That’s a powerful and quite horrible image of fear that breeds when we are disconnected. It results in suspicion, brokenness and a sense of needing to achieve alone. In such a climate people will always put themselves first and neglect the other.
All we have is each other says del Toro. I think that connects strongly with the words of Rohr today.
We are meant to connect.
I get that.
but … and there is always a but ….
How do we work that out in the world?
What is the secret … how do we love … how do we trust as a default?
Can we or is that a simple naieve optimism?
Tonight at HTGP I led a meditation rater than shared a homily. I was inspired by a photo from a friend, Tracey Affleck, who kindly gave me permission too use it tonight in our worship (its the one I’ve pasted next to the icon in this post). Thank you Tracey!
The photo has profound and important words and I have placed it next to the icon that shows Jesus with a disciple resting their head on Jesus’ shoulder. I think that disciple realised they were enough. I wonder if meany of us are able to realise that truth?
Tonight I wanted people to leave knowing they were approved of, that they are enough… not because I say that they are … but simply because I think God and Christian theology says so and that tonights reading in John 15:9-17 says so. I feel quite strongly that we hear too often that we need to improve, that we need to do better, that we will only be acceptable when we do something, or achieve something, or look or sound a particular way. We have taken on board a lie that says we will be more acceptable to God when …..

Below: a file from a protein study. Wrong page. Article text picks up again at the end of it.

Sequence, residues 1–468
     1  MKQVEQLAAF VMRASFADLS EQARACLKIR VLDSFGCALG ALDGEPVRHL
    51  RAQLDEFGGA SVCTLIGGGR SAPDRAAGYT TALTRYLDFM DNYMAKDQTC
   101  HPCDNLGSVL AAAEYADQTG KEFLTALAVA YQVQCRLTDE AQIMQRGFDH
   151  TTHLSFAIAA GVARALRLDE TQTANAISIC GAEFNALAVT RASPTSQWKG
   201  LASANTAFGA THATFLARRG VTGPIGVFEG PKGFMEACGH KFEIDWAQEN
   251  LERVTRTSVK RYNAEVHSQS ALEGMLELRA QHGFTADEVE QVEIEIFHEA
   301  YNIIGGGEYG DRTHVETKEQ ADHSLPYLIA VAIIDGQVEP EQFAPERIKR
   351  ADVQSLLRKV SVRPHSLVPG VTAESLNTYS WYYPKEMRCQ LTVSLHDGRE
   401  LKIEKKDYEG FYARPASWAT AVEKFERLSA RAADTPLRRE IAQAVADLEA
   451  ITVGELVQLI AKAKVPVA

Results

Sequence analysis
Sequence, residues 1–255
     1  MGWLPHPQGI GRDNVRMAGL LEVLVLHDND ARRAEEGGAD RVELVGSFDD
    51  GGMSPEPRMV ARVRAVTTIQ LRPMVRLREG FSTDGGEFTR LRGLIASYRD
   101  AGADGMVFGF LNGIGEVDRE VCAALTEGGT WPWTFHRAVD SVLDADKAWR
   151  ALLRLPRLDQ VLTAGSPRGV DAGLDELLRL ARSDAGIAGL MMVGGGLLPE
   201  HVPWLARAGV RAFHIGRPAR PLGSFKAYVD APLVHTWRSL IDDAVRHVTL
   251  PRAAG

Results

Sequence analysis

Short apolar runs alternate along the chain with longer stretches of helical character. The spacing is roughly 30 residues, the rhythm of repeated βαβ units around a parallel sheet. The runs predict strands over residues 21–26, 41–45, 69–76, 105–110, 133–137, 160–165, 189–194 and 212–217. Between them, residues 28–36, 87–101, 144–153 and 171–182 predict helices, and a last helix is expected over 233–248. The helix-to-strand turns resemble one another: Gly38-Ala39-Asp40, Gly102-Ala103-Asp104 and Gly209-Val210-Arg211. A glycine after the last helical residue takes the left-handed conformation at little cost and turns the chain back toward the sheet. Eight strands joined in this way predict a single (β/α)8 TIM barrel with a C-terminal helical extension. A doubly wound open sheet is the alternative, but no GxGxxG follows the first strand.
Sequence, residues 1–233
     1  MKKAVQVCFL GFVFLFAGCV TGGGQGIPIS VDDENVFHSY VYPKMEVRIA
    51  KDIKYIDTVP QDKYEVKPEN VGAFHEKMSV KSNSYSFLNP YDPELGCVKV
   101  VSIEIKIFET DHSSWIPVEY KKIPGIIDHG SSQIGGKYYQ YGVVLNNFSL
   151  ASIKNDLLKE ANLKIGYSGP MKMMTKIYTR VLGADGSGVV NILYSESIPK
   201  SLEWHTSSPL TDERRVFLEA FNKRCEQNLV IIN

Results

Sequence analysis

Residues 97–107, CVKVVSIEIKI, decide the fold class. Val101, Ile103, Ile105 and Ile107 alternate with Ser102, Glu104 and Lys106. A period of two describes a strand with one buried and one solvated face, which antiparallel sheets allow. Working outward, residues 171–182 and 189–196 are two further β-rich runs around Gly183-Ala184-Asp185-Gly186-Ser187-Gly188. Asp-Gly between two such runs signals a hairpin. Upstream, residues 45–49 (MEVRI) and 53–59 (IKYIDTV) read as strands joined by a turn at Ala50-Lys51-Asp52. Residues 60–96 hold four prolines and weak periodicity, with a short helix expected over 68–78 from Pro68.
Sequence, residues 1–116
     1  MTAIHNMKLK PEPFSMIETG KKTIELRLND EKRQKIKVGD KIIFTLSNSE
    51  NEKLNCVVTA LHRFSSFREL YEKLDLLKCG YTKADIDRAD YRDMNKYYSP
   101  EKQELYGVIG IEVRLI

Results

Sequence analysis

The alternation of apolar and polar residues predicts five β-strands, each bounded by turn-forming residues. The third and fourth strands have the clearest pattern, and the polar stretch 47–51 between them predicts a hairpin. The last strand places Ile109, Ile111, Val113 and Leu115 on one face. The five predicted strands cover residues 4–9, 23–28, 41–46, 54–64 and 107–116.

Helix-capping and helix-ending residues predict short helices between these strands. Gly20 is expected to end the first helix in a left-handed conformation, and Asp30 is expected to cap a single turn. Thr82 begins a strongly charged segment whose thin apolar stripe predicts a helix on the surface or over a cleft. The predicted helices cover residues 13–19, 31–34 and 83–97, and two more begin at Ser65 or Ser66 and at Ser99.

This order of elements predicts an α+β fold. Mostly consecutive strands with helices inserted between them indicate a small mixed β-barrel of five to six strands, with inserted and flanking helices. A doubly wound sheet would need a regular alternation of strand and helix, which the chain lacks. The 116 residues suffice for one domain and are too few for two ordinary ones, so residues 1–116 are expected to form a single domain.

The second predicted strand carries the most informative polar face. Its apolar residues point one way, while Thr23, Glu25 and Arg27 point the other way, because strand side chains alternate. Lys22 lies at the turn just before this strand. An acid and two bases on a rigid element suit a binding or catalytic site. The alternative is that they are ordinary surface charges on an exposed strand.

There is no when.
We are all acceptable to God.
Jesus says ‘You did not choose me, I chose you!’.
You can’t get much clearer.
As we are …. we are enough
You are enough.
Anyway you can hear the meditation here … and I’ve printed the text below for those who like to read as well.
Meditation John 15: 9-17 You are enough
‘As the father has loved me, so I have loved you; abide in my love.’
Abide in my love
Abide …. meaning: accept, acknowledge, consent,
concede, submit or live with
Accept you are loved by God
acknowledge God loves you
consent to receive God’s love
concede that you don’t have to earn God’s love
submit to knowing you are great in God’s eyes
live with the knowledge that you are enough
How does the sit with you?
can you believe it?
not having to change to be loved
loved as you are
you are enough
How do you view your relationship with God?
God watching and waiting to catch you out?